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Roisin Gorman’s open letter…. on lent

If you’re asking yourself ‘what would Jesus do?’, maybe it’s to cut loose once in a while and have the spuds

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Lent is a special time of faith and reflection each year — with no chocolate

Lent is a special time of faith and reflection each year — with no chocolate

Lent is a special time of faith and reflection each year — with no chocolate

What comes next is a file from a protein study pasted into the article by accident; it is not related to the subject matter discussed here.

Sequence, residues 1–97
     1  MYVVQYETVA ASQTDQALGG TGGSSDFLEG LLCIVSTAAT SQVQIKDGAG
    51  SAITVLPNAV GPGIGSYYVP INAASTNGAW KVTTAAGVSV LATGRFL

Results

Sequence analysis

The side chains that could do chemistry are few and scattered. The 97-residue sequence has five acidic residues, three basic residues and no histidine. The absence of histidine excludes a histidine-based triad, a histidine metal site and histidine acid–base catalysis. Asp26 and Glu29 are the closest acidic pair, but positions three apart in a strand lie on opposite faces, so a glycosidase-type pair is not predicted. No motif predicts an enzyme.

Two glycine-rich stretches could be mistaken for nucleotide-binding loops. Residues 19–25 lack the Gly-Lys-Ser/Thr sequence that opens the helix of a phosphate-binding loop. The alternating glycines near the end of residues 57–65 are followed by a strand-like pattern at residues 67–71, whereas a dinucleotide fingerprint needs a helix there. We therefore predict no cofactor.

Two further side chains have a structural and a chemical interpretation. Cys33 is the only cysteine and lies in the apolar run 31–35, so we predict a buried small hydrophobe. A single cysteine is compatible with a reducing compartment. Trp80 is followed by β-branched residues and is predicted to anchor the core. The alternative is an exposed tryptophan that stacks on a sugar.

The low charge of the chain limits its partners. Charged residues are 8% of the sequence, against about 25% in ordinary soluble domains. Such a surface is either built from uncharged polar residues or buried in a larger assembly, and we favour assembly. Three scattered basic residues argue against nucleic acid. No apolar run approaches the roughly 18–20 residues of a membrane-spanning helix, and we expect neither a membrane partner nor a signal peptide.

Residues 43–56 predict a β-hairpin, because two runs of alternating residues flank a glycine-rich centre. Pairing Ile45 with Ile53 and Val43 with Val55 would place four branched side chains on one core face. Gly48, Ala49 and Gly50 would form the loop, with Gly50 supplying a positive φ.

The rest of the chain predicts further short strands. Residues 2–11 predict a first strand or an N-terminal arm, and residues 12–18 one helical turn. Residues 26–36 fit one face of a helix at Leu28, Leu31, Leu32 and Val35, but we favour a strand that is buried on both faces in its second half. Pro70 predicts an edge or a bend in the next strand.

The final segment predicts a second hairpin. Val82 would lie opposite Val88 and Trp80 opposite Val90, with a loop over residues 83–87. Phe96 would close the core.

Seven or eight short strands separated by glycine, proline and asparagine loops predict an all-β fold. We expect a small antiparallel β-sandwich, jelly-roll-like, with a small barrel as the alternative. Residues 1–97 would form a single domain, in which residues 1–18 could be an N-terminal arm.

I’ve just had a Lenten lightbulb. All around me friends have given things up for Lent, sending out self-discipline vibes like a nun on a retreat. The chocoholic is giving up sweets, and no one has the heart to tell her it’s the Diet Coke addiction which rules her life. The party girl is sworn off booze until Easter, and somewhere a Tesco accountant is worrying over their falling off-sales profits. Neither are particularly religious but approach a Lenten vow as a chance to challenge themselves and detox, a Veganuary without any God, a juice cleanse without Jesus. Technically that’s missing the point according to the more devout among us, but if your approach is ‘what would Jesus do?’ he would surely appreciate the gesture, even if it’s just several kilos of chocolate and six weeks’ worth of wine. The idea is that Lent has to be a challenge like no swearing, no social media, no meat, no bitching — although perhaps not all at once because no one is that virtuous. A quick check of which religions indulge reveals it’s a largely Christian exercise, although compared to the sacrifice of Muslim Ramadan — abstaining from drinking and eating from dawn to dusk for 30 days — my mate giving up her Bounty habit seems a bit anaemic. We even get Sundays off for optional indulging. In Eastern Christianity, Great Lent runs from Clean Monday to Lazarus Saturday, eight days before Easter Sunday, with no days off. Surely they do a sneaky St Patrick’s Day beer? The Lenten lightbulb moment came from a bit of soul-searching that maybe this should be the year of the grand gesture, to stop something or start something. Should there be a bit of self-flagellation in my life for a few weeks (and not in a good way)? Then I had the daily self-denial of tea with no sugar, given up about five years ago. It’s just not the same without it but in a cruel irony tea with sugar also tastes disgusting. I reached past the lovely bread in the cupboard which will only be consumed at the weekend for my one-off slice of toast. Pasta is only ever served with a Papal dispensation and I get excited about eating rice on its once in a blue moon journey through my life, and I don’t even like rice. Meat is a rare treat after many years of mainlining steak because, you know, the planet. I’m not an ‘I don’t eat...’ person in other people’s homes because no likes a guest who announces their gluten-free, vegan, allergy-friendly preferences just before you set the plates down. But at home I’ve got more rules than rugby. Exercise is now a daily habit because every day has to involve movement of some kind, and fresh air. I blame the dog. Booze is a weekends-only occasion, a leftover from the sober school nights tradition. Sugary foods are allowed with a hangover as long as they’re served with a side of guilt, but only a small side because negative thinking is destructive and time-wasting and can’t be given house room. Life is already like an all-year round pilgrimage of self-denial, fitness, carb control and endless attempts to adopt healthy habits. I’ll see your six weeks of life without sweets and raise you the last time I ordered chips in a restaurant. If anyone really knows what Jesus would do, maybe it’s to cut loose once in a while and have the spuds. Email roisin.gorman@sundayworld.com

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